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-   -   Calculate a converged flow solution (http://www.cfd-online.com/Forums/fluent/44792-calculate-converged-flow-solution.html)

 kumar May 23, 2007 14:34

Calculate a converged flow solution

Hey,

I am currently using fluent version 6 to model the flow past a 2D circular cylinder. I have created a mesh using Gambit. after exporting the files to fluent and reading the file what do i do now ? what solver do i use ? how do i check or make the solution onverge ? What is the purpose of setting the force monitors (drag, lift and moment) ? How i do calculate a converged flow solution ?

 Donovan Chipman May 23, 2007 18:18

Re: Calculate a converged flow solution

Really, you need to read the manual. That would answer most of your questions. But, here's a quick brief on how to get started.

Fluent is set up so that you can follow the menus from left to right across the screen.

First, check your grid and make sure there aren't any holes in it by hitting grid>check.

The viscous model you should use is dependent on your Reynold's Number. If it below about 40,000 (for external flows, 2300 for internal flows) then the laminar flow model will work just fine. Otherwise, for a problem like this, the k-e model is probably the best.

Then under define>materials you need to import your fluid properties from the fluent database. I think air is the default.

Under boundary conditions, you need to set your inlet velocity and apply the proper materials to each zone.

Check to make sure that FLUENT is using the same system of units that your grid was made in by clicking define>units.

Then under solve> residuals, you can determine at what residual level the solution is converged. For Laminar flow, .001 is typically sufficient. For turbulent flow, you may want as small as .00001, but .0001 is the largest that is really recommended. If it doesn't converge to this level, you can set the residuals higher, or you may just have to redo the grid.

Now, go to solve>initialize, set your flow velocity from the inlet (which you should have defined in your boundary conditions), determine how many iterations you want, and if you chose an unsteady temporal model, the amount of time between each time step and how many time steps you want to calculate, and then hit the iterate button.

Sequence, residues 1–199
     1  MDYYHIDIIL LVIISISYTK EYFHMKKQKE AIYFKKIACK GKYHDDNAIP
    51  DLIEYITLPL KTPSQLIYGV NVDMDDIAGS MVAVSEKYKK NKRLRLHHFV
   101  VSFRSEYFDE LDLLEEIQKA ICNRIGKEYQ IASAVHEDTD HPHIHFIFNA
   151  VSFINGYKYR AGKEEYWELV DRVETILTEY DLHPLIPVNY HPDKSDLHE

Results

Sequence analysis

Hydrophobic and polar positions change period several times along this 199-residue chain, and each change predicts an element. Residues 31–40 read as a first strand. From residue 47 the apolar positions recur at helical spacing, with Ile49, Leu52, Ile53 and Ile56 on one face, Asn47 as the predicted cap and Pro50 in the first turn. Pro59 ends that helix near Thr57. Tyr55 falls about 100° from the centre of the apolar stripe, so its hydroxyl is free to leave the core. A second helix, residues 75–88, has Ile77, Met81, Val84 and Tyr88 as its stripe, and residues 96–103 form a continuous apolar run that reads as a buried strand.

You can typically view the results visually under display>contours or display>vectors.

Really, though, the manual is your friend. Good Luck!

 kumar May 24, 2007 01:33

Re: Calculate a converged flow solution

Hey Donovan,

Thank you so much for your immediate response. I am studying the aerodynamically generated sound due to flow past a circular cylinder using fluent version 6.as stated in the manual, the first thing i need to do is to obtain a steady state converged flow solution.

Now here are the steps that i have done. Drew and meshed the surface using gambit read it to fluent. went to grid-> check went to grid-> reorder-> domain i am currently investigating the flow past a cylinder with a reynolds number of 100. So, next i went to define->model->viscous-> laminar. next, define->materials->viscosity was set to 0.01, density was set to 1, velocity was set to 1 I then went on to define the boundary conditions. Went to solve-> control-> solution -> ok solve->monitors->residual-> activated the plot and left the default values -> ok Next i went to solve->monitors->force->activated the plot and write for the drag, lift and moment. Solve->initialise->compute from velocity inlet 1-> init iterate-> no of time steps taken was 200 with a time step step size of 0.1 s -> iterate

The thing is why do i need to plot and write the drag, lift and moment ? how do i see from these 2 graphs and the residuals that the solution is converged? what is the definition of a solution being converged ? and and if it doesnt converge what do i do ? what parameters do i play with ? and finally how do i obtain this steady state converged solution ?

also what solution do i use ? segregated or coupled ? implicit or explicit ? steady or unsteady ?

as a beginner, i am using this case to study fluent and once i can get a hang of it ill be just fine :D

Help me!

Thanks

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